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India-Pakistan cricket clash marred by vicious fan brawl -

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ELEANOR HALL: A vicious brawl between Indian and Pakistani fans has marred one of the Cricket World Cup's most popular fixtures.

As 50,000 fans celebrated the closing stages of India's crushing victory over Pakistan in Adelaide, dozens of people clashed inside an RSL club in Western Sydney after watching the match.

Witnesses say chairs were thrown and at least four people had to be taken to hospital.

Michael Edwards has our report.

(Sound of cricket game)

MICHAEL EDWARDS: For the sixth time in a row, India came out on top of its arch-enemy Pakistan.

India's latest batting sensation Virat Kohli fired the 50,000 strong crowd up with a blistering 107.

He set the stage for India's setting Pakistan a target of more than 300 to win.

In the end, the Pakistani batsmen just weren't up to the job, falling short by 76 runs.

(Sound of cricket commentator)

Virat Kohli's knock earned him Man of the Match honours.

VIRAT KOHLI: A very important pressure game against Pakistan, obviously you know always a great fight from them we get and it's a high pressure game. So good to get that one under the belt.

MICHAEL EDWARDS: High pressure indeed.

An estimated 1.3 billion people tuned in to watch the match. It's considered the most of any sporting fixture on the planet.

India and Pakistan divided along religious lines in 1947, but cricket is their shared passion.

And for the two nuclear-armed rivals who have fought three major wars against each other, national pride is always at stake in any match.

Cricket writer Gideon Haigh.

GIDEON HAIGH: Inside the arena itself you've got a feeling as though you're sort of in a transplanted pocket of India or Pakistan. It was a remarkable part of the Australian summer scene.

MICHAEL EDWARDS: Could you describe it as one of the world's biggest sporting rivalries?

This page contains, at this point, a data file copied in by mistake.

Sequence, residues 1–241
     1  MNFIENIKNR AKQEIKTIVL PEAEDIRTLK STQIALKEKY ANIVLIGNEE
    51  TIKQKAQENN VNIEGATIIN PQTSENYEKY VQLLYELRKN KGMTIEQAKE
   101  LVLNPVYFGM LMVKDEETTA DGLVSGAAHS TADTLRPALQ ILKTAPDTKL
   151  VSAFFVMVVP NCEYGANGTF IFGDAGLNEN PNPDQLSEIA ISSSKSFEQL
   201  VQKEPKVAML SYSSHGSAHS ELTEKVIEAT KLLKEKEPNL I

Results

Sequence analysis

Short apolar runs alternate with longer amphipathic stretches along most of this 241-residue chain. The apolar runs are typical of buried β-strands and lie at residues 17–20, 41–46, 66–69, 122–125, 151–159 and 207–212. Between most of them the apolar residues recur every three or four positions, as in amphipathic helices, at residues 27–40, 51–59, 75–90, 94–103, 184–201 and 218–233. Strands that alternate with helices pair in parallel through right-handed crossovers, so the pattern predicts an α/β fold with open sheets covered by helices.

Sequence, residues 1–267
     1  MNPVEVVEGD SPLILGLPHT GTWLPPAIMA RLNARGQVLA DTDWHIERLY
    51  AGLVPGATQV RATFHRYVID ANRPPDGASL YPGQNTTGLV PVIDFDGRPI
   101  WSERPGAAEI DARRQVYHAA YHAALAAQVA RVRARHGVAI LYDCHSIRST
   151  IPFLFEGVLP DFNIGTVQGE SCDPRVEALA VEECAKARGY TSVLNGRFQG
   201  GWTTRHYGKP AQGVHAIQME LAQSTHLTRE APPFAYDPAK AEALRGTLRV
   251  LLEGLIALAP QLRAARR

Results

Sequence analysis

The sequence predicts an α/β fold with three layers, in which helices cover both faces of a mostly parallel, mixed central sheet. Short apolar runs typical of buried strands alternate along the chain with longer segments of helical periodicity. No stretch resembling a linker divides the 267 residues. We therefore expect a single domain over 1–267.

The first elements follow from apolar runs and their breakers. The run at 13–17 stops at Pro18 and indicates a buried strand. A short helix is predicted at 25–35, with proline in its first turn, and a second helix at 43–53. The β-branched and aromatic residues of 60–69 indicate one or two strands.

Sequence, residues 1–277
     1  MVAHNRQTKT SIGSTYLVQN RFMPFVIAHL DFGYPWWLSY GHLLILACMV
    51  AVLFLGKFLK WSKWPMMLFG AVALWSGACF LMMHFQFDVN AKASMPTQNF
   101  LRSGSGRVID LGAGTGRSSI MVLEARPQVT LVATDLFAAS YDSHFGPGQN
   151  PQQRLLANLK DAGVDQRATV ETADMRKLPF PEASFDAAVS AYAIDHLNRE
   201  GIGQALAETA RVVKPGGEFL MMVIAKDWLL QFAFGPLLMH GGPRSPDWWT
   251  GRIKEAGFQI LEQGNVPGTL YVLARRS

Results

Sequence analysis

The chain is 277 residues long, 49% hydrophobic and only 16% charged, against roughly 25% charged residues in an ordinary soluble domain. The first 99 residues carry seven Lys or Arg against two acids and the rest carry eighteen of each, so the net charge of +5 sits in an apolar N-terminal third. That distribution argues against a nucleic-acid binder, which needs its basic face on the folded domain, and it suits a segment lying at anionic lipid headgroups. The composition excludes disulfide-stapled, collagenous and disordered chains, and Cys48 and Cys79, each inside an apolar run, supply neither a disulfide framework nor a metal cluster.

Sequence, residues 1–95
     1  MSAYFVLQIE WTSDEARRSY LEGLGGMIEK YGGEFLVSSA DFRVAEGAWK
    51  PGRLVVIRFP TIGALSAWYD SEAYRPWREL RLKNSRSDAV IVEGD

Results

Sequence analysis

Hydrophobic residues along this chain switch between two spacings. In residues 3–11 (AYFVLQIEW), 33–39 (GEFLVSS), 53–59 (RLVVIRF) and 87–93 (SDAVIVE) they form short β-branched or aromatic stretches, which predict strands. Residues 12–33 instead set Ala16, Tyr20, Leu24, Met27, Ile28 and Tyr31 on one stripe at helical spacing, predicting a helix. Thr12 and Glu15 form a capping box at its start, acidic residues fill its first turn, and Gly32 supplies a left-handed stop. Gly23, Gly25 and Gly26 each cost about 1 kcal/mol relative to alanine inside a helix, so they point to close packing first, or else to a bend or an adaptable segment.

GIDEON HAIGH: I think it's one of the most complicated and long running.

It's survived three wars and many temporary breakdowns in relations and it has, at times, the cricket context seemed like a metaphor for wider debates between the two countries.

Of late, the relations have been tense since the 2008 terror attacks on Mumbai.

But I guess yesterday you could take as a pretty optimistic sign about the relations between the two countries, they certainly seemed to enjoy one and other's company and the game in itself was an occasion of great happiness.

MICHAEL EDWARDS: But in Western Sydney the goodwill wasn't shared by a group of Indian and Pakistani fans.

At an RSL in the Western Sydney suburb of Merrylands, a wild brawl broke out as the game drew to a close.

One onlooker captured the violence on his phone.

(Sound of fight)

In the video that was posted on Facebook, a group of men can be seen fighting and throwing chairs, while security guards attempt to break it up.

Glasses and crockery can also be seen flying through the air; one of the men involved is knocked unconscious.

Four people had to be taken to hospital.

For Indian and Pakistani cricket fans it marred what they say is a great time of friendship between the two countries.

Dr Yadu Singh is the president of the Indian-Australian Association of New South Wales.

YADU SINGH: The fans who went to Adelaide Oval, and there were quite a number of them, and from both sides, Pakistani background and Indian background, they all enjoyed it and there was not a singular untoward incident in Adelaide.

We enjoyed it in Sydney as well. Of course a few fans, probably I presume there had been some alcohol onboard, and they got into some fight.

It was unfortunate and not required and it's not acceptable and they should have really not done that.

MICHAEL EDWARDS: Are the Indian and Pakistani communities in Australia close? Do they get on well?

YADU SINGH: Absolutely, we get on very well, personally I have several Pakistani background members as my friends.

There's no tension between Indians and Pakistani background people in Australia, no tension at all.

And irrespective of the politics back home in the Indian sub continent, we don't carry on in that way here in Australia, so his was certainly really really not something usual.

MICHAEL EDWARDS: India's next match is against South Africa and Pakistan is up against the West Indies.

ELEANOR HALL: Michael Edwards reporting.